Traffic cost trucking industry nearly $50B in 2014, ATRI says

| April 20, 2016

highway-traffic-jam-on-bridgeTraffic congestion cost the trucking industry an extra $49.6 billion in operating costs in 2014, according to data released this week by the American Transportation Research Institute.

The analysis of the data by ATRI revealed congestion cost an average of $26,625 per truck per 150,000 miles.

ATRI found congestion caused delays totaling more than 738 million hours of lost productivity, which equates to 264,500 truck drivers sitting idle for an entire working year.

Top 10 most congested freight intersections

ATRI's annual rankings this year gave the dubious distinction of most congested freight chokepoint to the city of Atlanta and its "Spaghetti Junction" north stack ...

Additionally, the research revealed that urban areas accounted for most of the delays as 88 percent of the congestion costs were concentrated on only 18 percent of the network mileage, and 95 percent of the total congestion cost occurred in metropolitan areas.

“Unfortunately we’ve come to expect traffic congestion as a part of our daily lives, but ATRI’s latest analysis illustrates what a significant productivity drain that congestion is on our industry and the economy at large,” said David Congdon, Chief Executive Officer of Old Dominion Freight Line.

4 comments
David P. Wisla
David P. Wisla

Bob, you don't know how right you are. Once you get lawyers involved it's for no other reason than money. The tort bar in this country loves this stuff. Every little reg. gives them one more nail to put into somebody's coffin fulfilling their role; the never ending search for money. You know the drill and how they get paid and how they get ahead at their firms, no secret. Ridiculous numbers like these are just a symptom of a much larger disease. Like any other disease of this nature it needs to be removed. In this case I think a transplant is called for. We remove the diseased tissue and replace it with clear cut, common sense, well thought out and rigorously tested methods for moving our freight faster and safer than ever before. (Dare I say lean?) I have also called for not only a meaningful "learning period" with continuous mandatory training throughout a driver's career, but also the pay and perks of being a professional. I'm sorry, there's so much more but I've been singing the same song for years. Let's just leave it here for today. Thanks Bob.  

bob walker
bob walker

@David P. Wisla You have some good ideas but no we don't  need a transplant. There are thousands of different trucking operations and the best will last and the rest will not. We don't need more guide lines or rules, the bad one will fail the good ones will work . The government doesn't need to run the business   . The only CONTROL the government needs is highway laws like the ones for the rest of the public. We don't need a bunch of new rules that work for some and make a mess for others. That is the problem, that is why it worked for fifty plus years. When you set rules for shippers, receivers or drivers you can't change one without effecting the rest. Let the drivers drive there trucks SAFELY the way that works best and SAFE for all of us. You can't write HOS rules that work in New York city and work the same crossing Montana. So just quit trying. Let this be a free country, some will do good and some will fail. Try this it will work!!!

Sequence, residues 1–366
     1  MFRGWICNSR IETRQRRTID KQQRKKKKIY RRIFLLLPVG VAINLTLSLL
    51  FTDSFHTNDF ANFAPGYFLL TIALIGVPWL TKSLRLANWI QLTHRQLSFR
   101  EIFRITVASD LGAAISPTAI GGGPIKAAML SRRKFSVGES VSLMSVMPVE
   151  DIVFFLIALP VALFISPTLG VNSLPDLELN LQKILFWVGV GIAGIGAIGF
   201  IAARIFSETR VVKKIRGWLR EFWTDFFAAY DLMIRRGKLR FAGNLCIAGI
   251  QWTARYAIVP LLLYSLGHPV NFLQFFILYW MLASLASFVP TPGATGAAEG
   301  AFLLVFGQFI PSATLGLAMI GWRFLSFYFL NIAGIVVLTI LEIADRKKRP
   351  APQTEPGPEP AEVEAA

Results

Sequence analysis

FL Fred
FL Fred

To Bob walker, I couldn't have said it better myself...yeah, I second that-what he said!!!!!

bob walker
bob walker

Why don't you tell what every trucker knows!! It is not the traffic that cost the trucking industry $49 billion it was the FMCSA with these HOS rules. The rules that won't let a driver park and take a nap in the afternoon when traffic is bad and than drive  late at night when there is no traffic. The FMCSA screwed up the way it was done for fifty years now don't try and blame it on traffic .  Put it on the front porch of that bunch of damn lawyers who told you this was going to make everybody safe on the highways. When you want to pay drivers by the mile and than force them to drive when you can't make 3 miles per hour what the hell do you think is going to happen. This is what happens when you let people set the rules that know nothing about the trucking industry at all. Why don't you just man up when you screwed up and think of how you can drop the rules that screwed it up. Have fun in traffic.